Background and Objectives. Physicians in the 1920s and 1930s began to treat patients with chronic pain syndromes using regional anesthetic techniques for both temporary and permanent block of pain pathways. The founding of the American Society of Regional Anesthesia (ASRA) in 1923 provided a unique venue for the dissemination of information concerning regional anesthesia for both surgery and chronic pain management.
Methods. The growth of chronic pain management on a national basis was assessed by using the Quarterly Cumulative Index to the Medical Literature to trace the distribution of information on regional anesthesia. From the Minutes of Meeting of the American Society of Regional Anesthesia, presented papers and the discussion that followed were analyzed.
Results. Inquiries into regional anesthesia during the 1920s and 1930s predominantly dealt with technique. For the first time pain papers were listed under the regional anesthesia heading in the Index. The papers presented at ASRA meetings during the period helped develop the use of regional anesthesia for both chronic pain management and surgical anesthesia.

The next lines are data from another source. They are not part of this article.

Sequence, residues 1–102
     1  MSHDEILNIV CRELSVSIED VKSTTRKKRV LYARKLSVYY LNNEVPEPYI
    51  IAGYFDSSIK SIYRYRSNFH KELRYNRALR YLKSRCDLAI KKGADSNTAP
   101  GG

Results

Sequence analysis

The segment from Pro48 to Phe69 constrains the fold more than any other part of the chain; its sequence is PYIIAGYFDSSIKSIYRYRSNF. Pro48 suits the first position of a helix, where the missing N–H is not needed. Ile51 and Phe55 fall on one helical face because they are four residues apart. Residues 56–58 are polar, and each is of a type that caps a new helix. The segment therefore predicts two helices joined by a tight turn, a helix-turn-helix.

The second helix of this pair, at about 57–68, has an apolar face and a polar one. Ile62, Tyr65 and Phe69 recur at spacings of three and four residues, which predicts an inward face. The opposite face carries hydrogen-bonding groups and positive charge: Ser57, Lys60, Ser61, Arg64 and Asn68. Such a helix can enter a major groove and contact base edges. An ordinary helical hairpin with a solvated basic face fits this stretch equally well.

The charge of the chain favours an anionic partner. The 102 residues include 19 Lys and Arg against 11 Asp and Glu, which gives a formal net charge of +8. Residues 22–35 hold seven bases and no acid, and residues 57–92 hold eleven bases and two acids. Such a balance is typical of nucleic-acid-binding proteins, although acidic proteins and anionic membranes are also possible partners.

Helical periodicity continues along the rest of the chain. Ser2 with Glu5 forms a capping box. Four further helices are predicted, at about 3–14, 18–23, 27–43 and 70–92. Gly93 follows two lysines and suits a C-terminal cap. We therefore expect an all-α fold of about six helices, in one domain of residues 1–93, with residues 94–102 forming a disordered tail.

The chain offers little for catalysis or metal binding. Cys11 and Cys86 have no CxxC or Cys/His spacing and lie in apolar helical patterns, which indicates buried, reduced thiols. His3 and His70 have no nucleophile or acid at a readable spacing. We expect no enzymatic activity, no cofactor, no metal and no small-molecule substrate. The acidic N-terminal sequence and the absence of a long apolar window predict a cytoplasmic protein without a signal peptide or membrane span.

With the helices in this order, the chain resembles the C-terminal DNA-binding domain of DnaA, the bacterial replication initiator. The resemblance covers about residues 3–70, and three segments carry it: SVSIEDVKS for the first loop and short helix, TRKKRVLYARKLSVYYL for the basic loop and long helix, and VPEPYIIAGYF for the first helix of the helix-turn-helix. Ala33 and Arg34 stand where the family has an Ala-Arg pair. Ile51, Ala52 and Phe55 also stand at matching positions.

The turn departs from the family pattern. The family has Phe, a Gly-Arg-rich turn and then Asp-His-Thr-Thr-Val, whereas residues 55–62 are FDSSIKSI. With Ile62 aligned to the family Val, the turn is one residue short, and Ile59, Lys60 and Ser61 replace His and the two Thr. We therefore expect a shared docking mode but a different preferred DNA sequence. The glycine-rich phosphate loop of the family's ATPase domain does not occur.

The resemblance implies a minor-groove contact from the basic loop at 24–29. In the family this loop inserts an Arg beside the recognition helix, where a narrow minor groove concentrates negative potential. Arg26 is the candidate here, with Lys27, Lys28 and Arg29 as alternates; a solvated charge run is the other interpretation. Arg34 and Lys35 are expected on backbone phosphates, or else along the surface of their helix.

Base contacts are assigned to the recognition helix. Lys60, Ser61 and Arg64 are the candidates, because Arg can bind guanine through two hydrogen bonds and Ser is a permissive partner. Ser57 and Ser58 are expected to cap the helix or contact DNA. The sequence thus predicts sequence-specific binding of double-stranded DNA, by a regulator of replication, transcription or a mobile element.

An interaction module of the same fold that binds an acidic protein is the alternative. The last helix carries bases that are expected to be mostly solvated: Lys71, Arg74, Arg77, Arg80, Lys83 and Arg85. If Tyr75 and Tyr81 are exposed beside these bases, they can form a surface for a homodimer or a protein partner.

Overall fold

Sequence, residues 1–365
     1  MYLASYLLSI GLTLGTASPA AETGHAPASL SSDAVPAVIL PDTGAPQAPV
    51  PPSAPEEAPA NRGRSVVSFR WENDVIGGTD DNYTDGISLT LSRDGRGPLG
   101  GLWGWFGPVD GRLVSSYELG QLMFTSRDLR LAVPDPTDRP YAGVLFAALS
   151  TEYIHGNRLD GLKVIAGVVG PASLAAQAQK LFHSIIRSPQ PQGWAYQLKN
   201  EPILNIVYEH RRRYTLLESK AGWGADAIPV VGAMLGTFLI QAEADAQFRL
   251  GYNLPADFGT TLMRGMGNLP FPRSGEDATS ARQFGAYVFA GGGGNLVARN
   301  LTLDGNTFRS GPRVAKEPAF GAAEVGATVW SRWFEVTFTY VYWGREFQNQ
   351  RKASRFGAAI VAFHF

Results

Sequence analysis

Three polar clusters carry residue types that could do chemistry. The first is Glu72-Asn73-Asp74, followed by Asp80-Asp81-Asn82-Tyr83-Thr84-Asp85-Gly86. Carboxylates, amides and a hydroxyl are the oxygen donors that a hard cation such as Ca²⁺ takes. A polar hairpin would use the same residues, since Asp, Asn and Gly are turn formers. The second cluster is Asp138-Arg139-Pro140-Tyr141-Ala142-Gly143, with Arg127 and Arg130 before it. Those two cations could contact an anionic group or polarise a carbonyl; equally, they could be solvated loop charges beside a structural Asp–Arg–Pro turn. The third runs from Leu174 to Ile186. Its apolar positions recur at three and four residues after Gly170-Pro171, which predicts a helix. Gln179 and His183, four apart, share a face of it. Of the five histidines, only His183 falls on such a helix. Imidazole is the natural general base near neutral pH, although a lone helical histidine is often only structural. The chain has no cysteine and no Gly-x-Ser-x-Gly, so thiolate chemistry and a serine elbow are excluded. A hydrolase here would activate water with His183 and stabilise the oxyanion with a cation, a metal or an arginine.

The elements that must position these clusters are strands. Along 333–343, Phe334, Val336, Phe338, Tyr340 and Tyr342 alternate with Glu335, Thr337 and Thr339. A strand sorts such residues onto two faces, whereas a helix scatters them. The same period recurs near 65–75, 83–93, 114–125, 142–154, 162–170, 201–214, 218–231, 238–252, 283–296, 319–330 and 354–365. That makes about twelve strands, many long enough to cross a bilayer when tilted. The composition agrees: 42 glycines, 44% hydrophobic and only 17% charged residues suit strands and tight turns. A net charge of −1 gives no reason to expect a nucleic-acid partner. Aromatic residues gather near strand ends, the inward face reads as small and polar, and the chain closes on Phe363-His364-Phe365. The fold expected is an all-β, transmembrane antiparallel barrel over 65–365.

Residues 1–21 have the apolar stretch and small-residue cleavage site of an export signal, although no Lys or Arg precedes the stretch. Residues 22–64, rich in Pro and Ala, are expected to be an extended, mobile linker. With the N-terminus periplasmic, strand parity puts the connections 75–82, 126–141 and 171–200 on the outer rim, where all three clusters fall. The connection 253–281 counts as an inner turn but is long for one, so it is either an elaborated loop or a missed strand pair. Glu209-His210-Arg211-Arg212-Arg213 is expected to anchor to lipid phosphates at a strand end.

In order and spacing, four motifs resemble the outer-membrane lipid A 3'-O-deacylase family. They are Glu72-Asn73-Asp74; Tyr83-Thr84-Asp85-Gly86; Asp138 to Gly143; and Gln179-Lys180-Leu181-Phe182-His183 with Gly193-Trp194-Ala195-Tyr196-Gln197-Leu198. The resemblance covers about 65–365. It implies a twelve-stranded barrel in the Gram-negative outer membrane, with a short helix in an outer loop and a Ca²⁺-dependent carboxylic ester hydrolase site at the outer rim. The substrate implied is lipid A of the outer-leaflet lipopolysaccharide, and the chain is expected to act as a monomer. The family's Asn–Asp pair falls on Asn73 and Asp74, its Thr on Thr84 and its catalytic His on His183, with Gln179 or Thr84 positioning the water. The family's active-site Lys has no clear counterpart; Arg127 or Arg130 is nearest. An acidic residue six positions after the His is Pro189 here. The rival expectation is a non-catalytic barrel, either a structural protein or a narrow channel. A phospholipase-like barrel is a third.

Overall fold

Conclusions. The ASRA was instrumental in bringing together physicians interested in regional anesthesia and pain management. During the 1930s physician anesthetists came to predominate as the organization's officers and members and helped translate the work of the ASRA into a part of the knowledge required to be a specialist physician in anesthesia.
- history of anesthesia
- history of pain management
- regional anesthesia
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All work was completed within the confines of the State University of New York at Buffalo and supported in part by a Wood Library-Museum Fellowship.
Presented at the Spring Meeting of the Anesthesia History Association, May 13, 1993, Louisville, Kentucky.